Melanogrammus aeglefinus


Haddock, scrod haddock, finnan haddie







A premium whitefish, haddock is a member of the cod family, though smaller than Atlantic cod, generally weighing 2 to 5 pounds. The haddock bears a distinguishing black mark, often referred to as the “devil’s thumbprint” or “St. Peter’s mark,” in the “shoulder” area, and its skin is less mottled than the cod’s. The term “scrod” is used to describe head-on, gutted haddock between 1 1/2 and 2 pounds. Haddock under 1 1/2 pounds are referred to as “snapper haddock,” and 2 1/2 pounds and up are “large.” Haddock is found on both sides of the North Atlantic. Highest concentrations on the U.S./Canada coast occur on Georges Bank and in the Gulf of Maine. Haddock is also found throughout northern Europe, where it is revered for fish and chips and as a cold-smoked product — the famous finnan haddie invented in Scotland over a century ago. Haddock are taken by longlines and trawl nets.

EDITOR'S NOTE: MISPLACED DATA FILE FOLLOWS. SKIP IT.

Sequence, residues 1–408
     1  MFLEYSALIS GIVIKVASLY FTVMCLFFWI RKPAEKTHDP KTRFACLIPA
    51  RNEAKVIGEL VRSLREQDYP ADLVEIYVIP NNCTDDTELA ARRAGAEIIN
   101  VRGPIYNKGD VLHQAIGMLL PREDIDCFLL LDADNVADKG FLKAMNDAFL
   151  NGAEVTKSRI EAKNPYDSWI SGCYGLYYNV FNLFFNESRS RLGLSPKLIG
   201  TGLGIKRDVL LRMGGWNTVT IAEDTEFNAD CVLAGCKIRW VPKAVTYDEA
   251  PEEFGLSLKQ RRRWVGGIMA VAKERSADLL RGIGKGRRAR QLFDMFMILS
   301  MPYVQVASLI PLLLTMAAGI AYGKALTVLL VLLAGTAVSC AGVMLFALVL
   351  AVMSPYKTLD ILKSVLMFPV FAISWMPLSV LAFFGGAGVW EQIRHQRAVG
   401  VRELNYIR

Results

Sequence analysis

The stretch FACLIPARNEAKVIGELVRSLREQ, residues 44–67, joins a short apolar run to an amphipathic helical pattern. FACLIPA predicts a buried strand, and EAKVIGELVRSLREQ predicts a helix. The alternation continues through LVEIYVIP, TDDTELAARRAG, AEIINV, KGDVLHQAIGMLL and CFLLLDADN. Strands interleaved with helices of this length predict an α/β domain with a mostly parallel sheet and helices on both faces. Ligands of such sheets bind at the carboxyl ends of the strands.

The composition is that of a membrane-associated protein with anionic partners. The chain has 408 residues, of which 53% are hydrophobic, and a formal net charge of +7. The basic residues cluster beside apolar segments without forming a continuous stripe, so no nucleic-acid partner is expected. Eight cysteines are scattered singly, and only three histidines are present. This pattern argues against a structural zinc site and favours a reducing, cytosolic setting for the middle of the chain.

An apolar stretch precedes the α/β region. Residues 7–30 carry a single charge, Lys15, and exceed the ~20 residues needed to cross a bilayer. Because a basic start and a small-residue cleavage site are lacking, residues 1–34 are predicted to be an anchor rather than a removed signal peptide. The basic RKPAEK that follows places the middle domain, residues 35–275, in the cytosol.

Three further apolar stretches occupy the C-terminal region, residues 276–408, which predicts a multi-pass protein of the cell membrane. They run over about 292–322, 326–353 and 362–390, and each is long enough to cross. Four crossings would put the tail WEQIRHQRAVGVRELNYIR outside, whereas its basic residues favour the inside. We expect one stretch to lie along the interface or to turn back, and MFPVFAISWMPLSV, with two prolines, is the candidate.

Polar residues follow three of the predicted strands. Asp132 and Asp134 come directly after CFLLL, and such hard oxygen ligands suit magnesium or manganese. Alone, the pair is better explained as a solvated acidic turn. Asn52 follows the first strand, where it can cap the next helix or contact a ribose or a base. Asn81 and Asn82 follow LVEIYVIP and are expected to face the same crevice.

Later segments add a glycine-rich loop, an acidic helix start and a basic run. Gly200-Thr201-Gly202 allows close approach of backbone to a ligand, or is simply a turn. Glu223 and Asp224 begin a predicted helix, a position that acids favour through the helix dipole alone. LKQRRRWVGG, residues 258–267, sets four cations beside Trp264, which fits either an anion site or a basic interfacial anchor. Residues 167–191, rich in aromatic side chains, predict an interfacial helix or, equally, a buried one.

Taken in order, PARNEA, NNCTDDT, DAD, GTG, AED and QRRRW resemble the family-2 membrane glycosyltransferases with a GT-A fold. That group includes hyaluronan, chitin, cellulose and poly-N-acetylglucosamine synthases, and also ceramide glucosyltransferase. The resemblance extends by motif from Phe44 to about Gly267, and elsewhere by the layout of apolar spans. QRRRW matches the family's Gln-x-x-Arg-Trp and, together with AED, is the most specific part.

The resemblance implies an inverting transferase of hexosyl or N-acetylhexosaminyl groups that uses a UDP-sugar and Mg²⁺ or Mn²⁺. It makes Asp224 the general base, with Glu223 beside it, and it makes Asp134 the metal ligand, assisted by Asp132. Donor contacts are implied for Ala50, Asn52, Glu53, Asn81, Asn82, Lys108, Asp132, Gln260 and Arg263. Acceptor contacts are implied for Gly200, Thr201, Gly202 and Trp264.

Haddock’s delicate flake and slightly sweet taste give it a wonderful, melt-in-the-mouth appeal. The lean meat has a firm yet tender texture, and the flake is finer than cod.The raw meat is white and cooks up even whiter. The flesh should be firm and resilient. A thin layer of connective tissue covering the flesh helps differentiate it from cod.


Calories: 87
Fat Calories: 6.5
Total Fat: 0.7 g
Saturated Fat: 0.1 g
Cholesterol: 57 mg
Sodium: 68 mg
Protein: 18.9 g
Omega 3: 0.2 g


The same recipes that work for cod are good for the versatile haddock. Smaller haddock fillets are easily sautéed, while all haddock is good in soups and stews. Haddock is good poached and excellent for pan frying, as the meat holds together better than cod or pollock. Haddock frames are good for stock. Smoked haddock, or ”finnan haddie,” is one of the most popular variations.


Cod, Hake, Grouper